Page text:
Monday, 06 July 2015

Bedroom tax prompts surge in applications for discretionary housing payments

Councils swamped with demand for welfare fund

More councils across Britain are reporting a surge in demand for an emergency hardship fund following the introduction of the bedroom tax.

Inside Housing last Thursday revealed eight local authorities have experienced a sharp jump in the number of applications from claimants for discretionary housing payments since 1 April.

Now 15 more councils have also revealed increased applications for DHPs (see box).

Glasgow Council has received 5,501 DHP applications in April, compared to 1,437 in the same period last year. Liverpool Council received 1,265 applications in April compared with 138 in a typical month, while Sheffield Council received around 1,400, compared with an average of just 100 per month throughout the 2012/13 financial year. Of these 1,400, Sheffield Council has made 600 awards totalling £140,000. A spokesperson said: ‘Sheffield Council’s DHP grant for 2013-14 is £995,802.

‘We have estimated that Sheffield’s social housing tenants will see a total shortfall in housing benefit as a result of the bedroom tax of more than £4.5 million in 2013.’

Twelve other local authorities also reported increases: Spelthorne, Oxford, Harlow, Amber Valley, Suffolk Coastal, Maldon, Wycombe, Welwyn and Hatfield, Telford and Wrekin, Craven, Eastbourne and Derbyshire Dales councils. These 12 English councils reported combined DHP applications of 1,070 in April this year, compared with 252 in the same period last year.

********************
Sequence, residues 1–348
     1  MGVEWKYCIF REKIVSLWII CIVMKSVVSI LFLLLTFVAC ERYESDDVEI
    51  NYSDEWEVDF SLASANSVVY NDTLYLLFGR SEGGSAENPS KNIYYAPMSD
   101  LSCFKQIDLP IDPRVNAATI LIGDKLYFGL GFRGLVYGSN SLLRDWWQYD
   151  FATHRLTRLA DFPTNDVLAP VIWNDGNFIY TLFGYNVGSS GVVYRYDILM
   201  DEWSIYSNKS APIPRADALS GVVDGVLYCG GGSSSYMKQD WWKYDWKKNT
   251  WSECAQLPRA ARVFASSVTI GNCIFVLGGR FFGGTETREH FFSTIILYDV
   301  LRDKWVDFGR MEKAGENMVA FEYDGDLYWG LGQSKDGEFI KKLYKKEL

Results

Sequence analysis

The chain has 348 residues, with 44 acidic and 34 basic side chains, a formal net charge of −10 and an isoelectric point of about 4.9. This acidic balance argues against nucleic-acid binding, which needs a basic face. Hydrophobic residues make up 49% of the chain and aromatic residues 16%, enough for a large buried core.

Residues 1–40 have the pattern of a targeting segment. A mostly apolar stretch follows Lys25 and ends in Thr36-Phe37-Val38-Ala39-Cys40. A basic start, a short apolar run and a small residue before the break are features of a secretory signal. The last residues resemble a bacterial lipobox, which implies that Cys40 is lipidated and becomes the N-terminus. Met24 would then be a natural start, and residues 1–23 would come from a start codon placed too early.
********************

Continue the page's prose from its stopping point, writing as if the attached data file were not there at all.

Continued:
DHPs are intended as a short-term measure to help people who are finding it difficult to cover their living costs due to welfare reforms. The government expanded the DHP pot from £60 million last year to £150 million for 2013/14, with £25 million earmarked for disabled people hit by the bedroom tax who have had their homes significantly adapted. Under the bedroom tax, social housing tenants of working age deemed to have spare rooms have their benefit cut.

Councils to report increased DHP applications since the introduction of the bedroom tax:

  • Amber Valley
  • Birmingham
  • Craven
  • Derbyshire Dales
  • Eastbourne
  • Glasgow
  • Harlow
  • Hull
  • Leeds 
  • Leicester
  • Liverpool
  • Maldon
  • Oxford
  • Sefton
  • Sheffield
  • Southampton
  • Southwark
  • Spelthorne
  • Suffolk Coastal
  • Telford & Wrekin
  • Waltham Forest
  • Welwyn & Hatfield
  • Wycombe

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